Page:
DECIDED DECEMBER 7, 1994.
Burglary. Bibb Superior Court. Before Judge Wilcox.
L. Elizabeth Lane, for appellant.
Charles H. Weston, District Attorney, Thomas J. Mathews, Assistant District Attorney, for appellee.
Following a trial by jury, Joseph Lynn Upshaw was convicted of burglary, two counts of aggravated assault, two counts of aggravated sodomy, and rape. Upshaw appeals his conviction asserting several enumerations of error.
1. In his first enumeration of error, Upshaw contends the evidence was insufficient to support his convictions. We disagree.
The victim testified that Upshaw (her former son-in-law), entered her home without permission through the back door. Upshaw held a big knife in his hand. Upon the victim's refusal to give him her daughter's address, Upshaw grabbed her by the hair and put the knife to her throat. Upshaw told the victim that he was going to kill her. Upshaw beat the victim about the head, forced her to commit oral sodomy twice, and raped her. Upshaw required the victim to tell him it was "good." Medical evidence indicated multiple bruises, scratches, and abrasions on the victim.
The evidence viewed in the light most favorable to the jury's verdict supports Upshaw's convictions. See Jackson v. Virginia, 443 U.S. 307 (99 SC 2781, 61 L.Ed.2d 560) (1979).
2. Upshaw contends the trial court erred in admitting evidence of a similar transaction. Evidence of similar crimes is admissible upon proof "the defendant was the perpetrator of the independent crime, there is a sufficient similarity or connection between the independent crime and the crime charged so that proof of the former tends to prove the latter, and the evidence of the independent crime is offered not to raise an improper inference as to the accused's character, but for some permissible purpose regarding an issue in the case. Stephens v. State, 261 Ga. 467, 468 (6) ( 405 S.E.2d 483) (1991); Williams v. State, 261 Ga. 640, 641 (2) ( 409 S.E.2d 649) (1991)." Moore v. State, 207 Ga. App. 412, 414 ( 427 S.E.2d 779) (1993).
After a hearing pursuant to Uniform Superior Court Rule 31.3 (B), the trial court allowed the admission of evidence regarding one of the similar transactions the State sought to use. Upshaw's sister, Beverly, testified that Upshaw put a knife to her throat, raped her, committed anal sodomy, and required her to commit oral sodomy. Beverly testified that Upshaw required her to tell him "how much [she] liked it." Upshaw threatened to kill Beverly if she told anyone about the rape.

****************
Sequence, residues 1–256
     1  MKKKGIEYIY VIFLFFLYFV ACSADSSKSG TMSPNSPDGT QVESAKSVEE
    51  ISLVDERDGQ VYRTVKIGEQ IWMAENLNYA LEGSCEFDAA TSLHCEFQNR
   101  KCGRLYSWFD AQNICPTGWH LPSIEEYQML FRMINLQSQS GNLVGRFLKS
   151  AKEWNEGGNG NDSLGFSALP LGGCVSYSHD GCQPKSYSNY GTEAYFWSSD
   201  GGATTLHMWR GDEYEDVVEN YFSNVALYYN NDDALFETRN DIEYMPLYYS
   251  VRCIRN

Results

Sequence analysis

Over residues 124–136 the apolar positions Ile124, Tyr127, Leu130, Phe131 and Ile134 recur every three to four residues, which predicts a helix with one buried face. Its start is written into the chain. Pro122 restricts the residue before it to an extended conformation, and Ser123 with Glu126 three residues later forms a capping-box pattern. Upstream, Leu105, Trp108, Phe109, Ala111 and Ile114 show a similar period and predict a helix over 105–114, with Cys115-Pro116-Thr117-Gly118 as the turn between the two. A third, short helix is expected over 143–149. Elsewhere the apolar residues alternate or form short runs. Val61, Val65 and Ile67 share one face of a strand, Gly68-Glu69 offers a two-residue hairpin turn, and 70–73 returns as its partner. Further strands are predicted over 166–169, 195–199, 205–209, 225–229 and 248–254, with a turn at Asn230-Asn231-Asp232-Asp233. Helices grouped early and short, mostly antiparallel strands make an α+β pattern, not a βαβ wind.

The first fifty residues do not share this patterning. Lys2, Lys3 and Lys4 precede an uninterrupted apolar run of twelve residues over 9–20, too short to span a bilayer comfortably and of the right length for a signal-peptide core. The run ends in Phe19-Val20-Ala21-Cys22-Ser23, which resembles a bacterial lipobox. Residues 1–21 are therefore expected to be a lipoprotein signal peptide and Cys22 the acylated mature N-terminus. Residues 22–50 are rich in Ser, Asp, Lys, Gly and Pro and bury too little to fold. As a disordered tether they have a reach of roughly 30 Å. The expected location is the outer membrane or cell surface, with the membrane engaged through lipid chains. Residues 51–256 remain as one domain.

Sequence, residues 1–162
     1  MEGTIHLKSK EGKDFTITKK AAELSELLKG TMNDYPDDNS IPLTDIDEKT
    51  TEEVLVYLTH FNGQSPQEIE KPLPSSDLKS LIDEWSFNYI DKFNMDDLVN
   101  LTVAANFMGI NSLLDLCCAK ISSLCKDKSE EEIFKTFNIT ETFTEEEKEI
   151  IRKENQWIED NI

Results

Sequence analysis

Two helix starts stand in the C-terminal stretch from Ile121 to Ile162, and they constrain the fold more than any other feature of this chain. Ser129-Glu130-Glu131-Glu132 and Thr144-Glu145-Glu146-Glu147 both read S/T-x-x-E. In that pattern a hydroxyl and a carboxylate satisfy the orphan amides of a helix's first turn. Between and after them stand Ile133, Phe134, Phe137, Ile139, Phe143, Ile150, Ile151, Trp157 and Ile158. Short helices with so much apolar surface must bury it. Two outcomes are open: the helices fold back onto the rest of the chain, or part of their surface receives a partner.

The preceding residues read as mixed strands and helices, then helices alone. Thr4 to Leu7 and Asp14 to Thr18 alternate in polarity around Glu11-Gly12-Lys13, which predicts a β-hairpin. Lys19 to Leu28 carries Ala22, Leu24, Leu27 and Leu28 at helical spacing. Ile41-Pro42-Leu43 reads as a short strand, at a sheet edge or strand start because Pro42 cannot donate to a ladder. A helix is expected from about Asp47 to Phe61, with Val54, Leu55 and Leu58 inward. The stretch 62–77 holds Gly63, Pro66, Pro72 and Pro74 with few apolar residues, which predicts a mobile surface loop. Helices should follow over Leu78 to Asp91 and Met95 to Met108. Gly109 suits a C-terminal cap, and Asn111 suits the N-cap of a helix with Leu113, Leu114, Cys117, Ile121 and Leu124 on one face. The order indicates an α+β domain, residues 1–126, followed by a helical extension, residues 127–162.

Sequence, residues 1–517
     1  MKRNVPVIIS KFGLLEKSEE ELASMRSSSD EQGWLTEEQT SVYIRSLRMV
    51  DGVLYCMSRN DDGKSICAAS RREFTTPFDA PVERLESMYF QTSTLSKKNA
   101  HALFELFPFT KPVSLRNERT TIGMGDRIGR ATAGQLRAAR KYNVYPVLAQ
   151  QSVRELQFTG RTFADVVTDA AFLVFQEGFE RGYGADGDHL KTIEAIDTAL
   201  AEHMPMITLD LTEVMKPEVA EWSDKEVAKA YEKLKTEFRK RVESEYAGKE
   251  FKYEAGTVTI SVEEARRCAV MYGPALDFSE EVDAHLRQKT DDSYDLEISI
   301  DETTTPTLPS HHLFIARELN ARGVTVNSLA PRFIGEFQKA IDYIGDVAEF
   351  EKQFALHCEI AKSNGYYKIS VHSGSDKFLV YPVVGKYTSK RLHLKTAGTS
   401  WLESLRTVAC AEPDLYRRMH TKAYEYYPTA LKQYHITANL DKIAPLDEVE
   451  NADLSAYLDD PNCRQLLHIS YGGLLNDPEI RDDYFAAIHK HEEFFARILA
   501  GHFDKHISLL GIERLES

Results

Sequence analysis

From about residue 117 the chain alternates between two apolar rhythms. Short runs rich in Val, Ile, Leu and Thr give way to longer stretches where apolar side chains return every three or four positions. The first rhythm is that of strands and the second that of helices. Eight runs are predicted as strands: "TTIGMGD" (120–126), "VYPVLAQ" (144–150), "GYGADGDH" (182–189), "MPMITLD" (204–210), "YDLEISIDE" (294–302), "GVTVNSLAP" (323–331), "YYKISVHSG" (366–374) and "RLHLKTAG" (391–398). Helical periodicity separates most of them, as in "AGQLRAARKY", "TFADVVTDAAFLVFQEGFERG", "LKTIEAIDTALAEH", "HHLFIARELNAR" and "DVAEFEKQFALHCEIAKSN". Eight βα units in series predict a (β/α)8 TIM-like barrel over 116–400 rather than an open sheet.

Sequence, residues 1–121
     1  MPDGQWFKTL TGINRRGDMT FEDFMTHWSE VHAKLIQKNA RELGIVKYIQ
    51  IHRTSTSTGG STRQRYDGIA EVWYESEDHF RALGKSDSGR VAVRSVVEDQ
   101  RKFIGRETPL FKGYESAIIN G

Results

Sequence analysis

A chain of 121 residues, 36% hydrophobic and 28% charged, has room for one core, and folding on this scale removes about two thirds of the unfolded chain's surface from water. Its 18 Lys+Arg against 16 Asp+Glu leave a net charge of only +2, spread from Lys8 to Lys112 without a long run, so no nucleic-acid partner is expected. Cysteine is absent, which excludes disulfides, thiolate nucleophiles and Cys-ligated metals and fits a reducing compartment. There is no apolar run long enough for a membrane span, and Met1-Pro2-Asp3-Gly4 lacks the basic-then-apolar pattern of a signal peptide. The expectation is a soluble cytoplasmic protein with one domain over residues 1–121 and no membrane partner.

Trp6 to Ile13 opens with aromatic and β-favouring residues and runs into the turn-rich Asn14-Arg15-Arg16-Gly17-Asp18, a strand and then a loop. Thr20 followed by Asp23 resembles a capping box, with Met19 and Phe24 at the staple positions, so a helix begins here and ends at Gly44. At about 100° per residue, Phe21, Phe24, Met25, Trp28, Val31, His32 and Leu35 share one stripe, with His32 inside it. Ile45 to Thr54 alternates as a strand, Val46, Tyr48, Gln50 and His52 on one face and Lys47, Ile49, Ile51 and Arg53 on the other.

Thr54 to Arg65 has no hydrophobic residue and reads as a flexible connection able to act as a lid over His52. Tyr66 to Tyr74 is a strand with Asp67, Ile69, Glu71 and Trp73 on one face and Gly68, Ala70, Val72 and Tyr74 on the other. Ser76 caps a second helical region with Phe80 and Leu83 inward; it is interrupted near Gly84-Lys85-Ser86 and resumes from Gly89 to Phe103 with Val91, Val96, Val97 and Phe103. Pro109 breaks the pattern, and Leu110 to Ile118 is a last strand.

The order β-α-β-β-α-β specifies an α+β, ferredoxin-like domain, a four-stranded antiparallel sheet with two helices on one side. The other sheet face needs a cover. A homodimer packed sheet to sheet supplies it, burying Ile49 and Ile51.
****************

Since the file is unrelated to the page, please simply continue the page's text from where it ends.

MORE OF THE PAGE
"Where forcible sexual assaults are involved, there is at least much sociological evidence to support the conclusion that this type of deviant sexual behavior is a sufficiently isolated abnormality so that proof of the propensity of the defendant to engage in it is at least admissible, and to this extent proof of the one tends to establish the other. There are exceptions to this [similar transaction] rule, and these exceptions have been rather liberally extended in cases of sexual crimes." (Citations and punctuation omitted.) Moore, supra at 415. Furthermore, "`[t]here is no requirement that a previous offense be absolutely identical to the one being prosecuted so as to make it admissible.'" Gonzales v. State, 213 Ga. App. 667, 668 ( 445 S.E.2d 769) (1994).
In the present case, the incidents were sufficiently similar. The trial court did not err in allowing the testimony of the similar transaction.
3. In his final enumeration of error, Upshaw contends his trial counsel was ineffective.
"The bench mark for judging any claim of ineffectiveness must be whether counsel's conduct so undermined the proper functioning of the adversarial process that the trial cannot be relied on as having produced a just result. In order to prevail on an ineffectiveness claim, a convicted defendant must show (1) that counsel's performance was deficient, i.e., that counsel's performance was not reasonable under all the circumstances, and (2) that this deficient performance prejudiced the defense, i.e., that there is a reasonable probability that, but for counsel's unprofessional errors, the result of the proceeding would have been different. A reasonable probability is a probability sufficient to undermine confidence in the outcome. The complaining defendant must make both showings." (Citation and punctuation omitted.) Hampton v. State, 215 Ga. App. 57 ( 449 S.E.2d 654) (1994).
"A trial court's finding that a defendant has not been denied effective assistance of trial counsel will be affirmed unless clearly erroneous." (Citations and punctuation omitted.) Gibbs v. State, 213 Ga. App. 117, 118 ( 443 S.E.2d 708) (1994). In the present case, Upshaw contends his trial counsel did not spend enough time preparing the case; that counsel failed to examine two witnesses concerning supposedly helpful testimony; and that counsel prevented him from testifying.
Upshaw's trial counsel testified at the motion for new trial hearing that he had met with Upshaw 21 times prior to trial. Each meeting lasted from a few minutes to an hour. Upshaw agreed that his trial counsel had met with him that number of times, but he did not agree as to the length of the meetings. Furthermore, Upshaw's trial counsel testified that he followed Upshaw's suggested lines of impeachment except when they were irrelevant. At trial, Upshaw informed the trial judge that his counsel had explained his right to testify and that he did not wish to do so.
"There is a strong presumption that trial counsel's performance falls within the wide range of reasonable professional assistance, and that any challenged action by trial counsel might be considered sound trial strategy." (Citations and punctuation omitted.) Id. The trial court's denial of Upshaw's motion for new trial based upon ineffective assistance of counsel was not clearly erroneous.
Judgment affirmed. Birdsong, P. J., and Ruffin, J., concur.